The pumas of Torres del Paine have captured the world’s attention thanks to TV series like Dynasties and Pumas At The End of The World. To better understand the challenges in conserving these magnificent creatures we spoke to Mark Elbroch, the director of the puma program at Panthera, the global wildcat conservation organisation, about their efforts to protect pumas in Chile.
Working for Torres del Paine’s pumas
Can you introduce the work you’re doing with pumas in Chile?
Our main focus is on the region around Torres del Paine National Park, where tourism plays a significant role in our conservation efforts. We aim to promote coexistence between pumas and the people. At Panthera, we strongly believe that humans are an integral part of ecosystems, and we strive to support both healthy human communities and wildlife populations. In Patagonia, where sheep ranching is prevalent, our challenge is to find ways for ranchers to coexist harmoniously with pumas.
We’ve been actively working in Torres del Paine and the surrounding area for over five years, and currently we’re developing a strategy to connect pumas there all the way up to Aysen. Additionally, we’re exploring opportunities for cross-border connections into Argentina. The entire region remains under pressure due to existing provincial bounties on pumas, which creates a significant incentive for their killing instead of fostering coexistence. To ensure the genetic health and survival of puma populations, we need to establish connections between existing regional groups.
How many pumas are there in the Torres del Paine region?
We can reasonably estimate that there are a couple of hundred pumas in the Torres del Paine region. In terms of density, it’s probably at least twice as many as any other known population elsewhere. While we don’t have specific numbers, historical accounts from explorers who spent time in that region suggest that pumas were quite common in the past. We would be thrilled to witness their return, as they play a critical role in the ecosystem.
A puma’s place in the ecosystem
Biologists often refer to pumas as ecosystem brokers. What does that mean exactly?
Ecosystem brokers are animals that significantly influence the distribution of resources within an ecosystem, both in space and time. Pumas in particular play a disproportionate role directing where these resources go within the landscape and when they occur, supporting biodiversity and the resilience of an ecosystem. By this we mean the ability of an ecosystem to bounce back after an injury, such as a disease outbreak, fire or human development. When you add pumas to the environment, it creates more connections between species, leading to a more intricate and resilient ecosystem. They contribute to more efficient energy and nutrient flows, allowing the ecosystem to recover and heal after disturbances.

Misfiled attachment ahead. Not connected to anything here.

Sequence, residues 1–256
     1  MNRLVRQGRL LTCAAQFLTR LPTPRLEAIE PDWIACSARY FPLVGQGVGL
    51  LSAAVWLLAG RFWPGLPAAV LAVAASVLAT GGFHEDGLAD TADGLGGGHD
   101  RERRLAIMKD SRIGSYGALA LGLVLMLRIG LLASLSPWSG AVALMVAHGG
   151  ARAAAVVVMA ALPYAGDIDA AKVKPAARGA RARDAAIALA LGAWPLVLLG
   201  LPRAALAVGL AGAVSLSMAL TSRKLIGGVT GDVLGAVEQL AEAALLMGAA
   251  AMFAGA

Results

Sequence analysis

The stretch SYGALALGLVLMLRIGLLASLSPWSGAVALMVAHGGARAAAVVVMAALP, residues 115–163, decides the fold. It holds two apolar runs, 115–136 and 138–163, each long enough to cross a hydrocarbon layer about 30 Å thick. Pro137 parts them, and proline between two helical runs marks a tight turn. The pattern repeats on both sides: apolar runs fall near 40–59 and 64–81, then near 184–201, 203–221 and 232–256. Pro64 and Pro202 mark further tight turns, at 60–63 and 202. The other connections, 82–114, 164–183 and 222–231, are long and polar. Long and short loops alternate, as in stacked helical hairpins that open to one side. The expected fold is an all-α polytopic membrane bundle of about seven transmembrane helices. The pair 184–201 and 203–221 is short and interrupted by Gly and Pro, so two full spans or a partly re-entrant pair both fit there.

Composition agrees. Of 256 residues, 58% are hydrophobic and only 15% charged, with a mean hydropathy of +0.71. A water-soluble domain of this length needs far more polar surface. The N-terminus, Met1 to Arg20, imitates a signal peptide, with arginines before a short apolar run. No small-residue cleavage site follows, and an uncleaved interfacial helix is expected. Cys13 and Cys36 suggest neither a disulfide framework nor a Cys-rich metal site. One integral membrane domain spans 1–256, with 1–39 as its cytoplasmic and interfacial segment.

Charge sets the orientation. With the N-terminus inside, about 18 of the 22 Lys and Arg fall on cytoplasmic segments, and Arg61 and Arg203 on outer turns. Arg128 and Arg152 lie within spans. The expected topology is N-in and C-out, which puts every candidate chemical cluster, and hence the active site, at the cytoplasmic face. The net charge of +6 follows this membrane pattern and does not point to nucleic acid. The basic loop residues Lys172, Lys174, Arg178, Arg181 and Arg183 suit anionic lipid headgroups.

How do pumas do that?
Pumas impact the behaviour of their prey such as guanacos by influencing where and when they forage. This behavioural impact then influences plant communities, as guanacos graze differently based on the risk of predation by pumas. In areas they avoid due to the threat of pumas, the plants grow differently than in areas where they feel safer to graze. When they graze more, their faeces deposit more nitrogen and phosphorus into the soil, leading to changes in soil chemistry. These changes in the soil chemistry affect plant growth patterns, which, in turn, have implications for insect and animal communities.
Pumas also contribute a significant amount of carrion to the ecosystem which benefits scavengers like the culpeo fox, especially during winter when food resources are scarce. When a puma makes a kill, it’s often followed by multiple foxes that try to steal the food. Other scavengers from insects all the way to large birds like the Andean condor, also benefit from these carcasses.
In Patagonia, the Andean condor is a near-threatened species and its survival heavily relies on large carcasses. Large carnivores like pumas play a vital role in providing this food source, so they support the growth and protection of condor populations. Furthermore, the carcass sites have further cascading effects on the ecosystem. The deposition of nitrogen and phosphorus from these carcasses enhances the soil’s chemistry, making those areas more attractive to future foraging by ungulates and creating a cycle of increasing richness in the ecosystem.